### Abstract

- Top of page
- Abstract
- 1 Material and methods
- 2 Results
- 3 Discussion
- 4 Conclusions
- Acknowledgments
- References
- Appendix

**Abstract ** We propose a simple statistical approach for using Dispersal–Vicariance Analysis (DIVA) software to infer biogeographic histories without fully bifurcating trees. In this approach, ancestral ranges are first optimized for a sample of Bayesian trees. The probability *P* of an ancestral range *r* at a node is then calculated as where *Y* is a node, and *F*(*r _{Y}*) is the frequency of range

*r*among all the optimal solutions resulting from DIVA optimization at node

*Y*,

*t*is one of

*n*topologies optimized, and

*Pt*is the probability of topology

*t*. Node

*Y*is a hypothesized ancestor shared by a specific crown lineage and the sister of that lineage “

*x*”, where

*x*may vary due to phylogenetic uncertainty (polytomies and nodes with posterior probability <100%). Using this method, the ancestral distribution at

*Y*can be estimated to provide inference of the geographic origins of the specific crown group of interest. This approach takes into account phylogenetic uncertainty as well as uncertainty from DIVA optimization. It is an extension of the previously described method called Bayes-DIVA, which pairs Bayesian phylogenetic analysis with biogeographic analysis using DIVA. Further, we show that the probability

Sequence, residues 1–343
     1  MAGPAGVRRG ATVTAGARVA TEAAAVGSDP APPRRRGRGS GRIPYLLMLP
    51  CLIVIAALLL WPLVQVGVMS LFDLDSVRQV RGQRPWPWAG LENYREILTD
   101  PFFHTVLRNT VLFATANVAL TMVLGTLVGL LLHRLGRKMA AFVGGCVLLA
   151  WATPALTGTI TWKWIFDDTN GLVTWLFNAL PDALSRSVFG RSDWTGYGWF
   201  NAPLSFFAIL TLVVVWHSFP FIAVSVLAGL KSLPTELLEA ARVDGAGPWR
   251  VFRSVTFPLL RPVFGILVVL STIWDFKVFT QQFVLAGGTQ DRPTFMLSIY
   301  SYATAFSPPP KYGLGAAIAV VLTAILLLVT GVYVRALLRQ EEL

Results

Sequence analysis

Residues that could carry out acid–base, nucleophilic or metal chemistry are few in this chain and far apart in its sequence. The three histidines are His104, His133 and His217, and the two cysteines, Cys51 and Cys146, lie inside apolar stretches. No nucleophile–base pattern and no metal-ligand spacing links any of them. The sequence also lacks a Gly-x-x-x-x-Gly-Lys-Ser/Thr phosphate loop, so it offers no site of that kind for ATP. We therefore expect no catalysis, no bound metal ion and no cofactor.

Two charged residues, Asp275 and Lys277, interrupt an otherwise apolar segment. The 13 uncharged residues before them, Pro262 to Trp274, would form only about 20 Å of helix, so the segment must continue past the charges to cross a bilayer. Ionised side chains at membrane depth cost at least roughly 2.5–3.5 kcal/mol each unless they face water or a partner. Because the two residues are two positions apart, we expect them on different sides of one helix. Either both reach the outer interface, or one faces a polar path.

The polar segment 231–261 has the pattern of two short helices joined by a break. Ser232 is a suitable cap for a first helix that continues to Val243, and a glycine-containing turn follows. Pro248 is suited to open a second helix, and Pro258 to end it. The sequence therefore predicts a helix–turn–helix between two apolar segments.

*P*of an ancestral range at

*Y*calculated using this method does not equate to pp*

*F*(

*r*

_{Y}) on the Bayesian consensus tree when both variables are <100%, where pp is the posterior probability and

*F*(

*r*

_{Y}) is the frequency of range r for the node containing the specific crown group. We tested our DIVA-Bayes approach using

*Aesculus*L., which has major lineages unresolved as a polytomy. We inferred the most probable geographic origins of the five traditional sections of

*Aesculus*and of

*Aesculus californica*Nutt. and examined range subdivisions at parental nodes of these lineages. Additionally, we used the DIVA-Bayes data from

*Aesculus*to quantify the effects on biogeographic inference of including two wildcard fossil taxa in phylogenetic analysis. Our analysis resolved the geographic ranges of the parental nodes of the lineages of

*Aesculus*with moderate to high probabilities. The probabilities were greater than those estimated using the simple calculation of pp*

*F*(

*r*) at a statistically significant level for two of the six lineages. We also found that adding fossil wildcard taxa in phylogenetic analysis generally increased

_{y}*P*for ancestral ranges including the fossil's distribution area. The Δ

*P*was more dramatic for ranges that include the area of a wildcard fossil with a distribution area underrepresented among extant taxa. This indicates the importance of including fossils in biogeographic analysis. Exmination of range subdivision at the parental nodes revealed potential range evolution (extinction and dispersal events) along the stems of

*A. californica*and sect.

*Parryana*.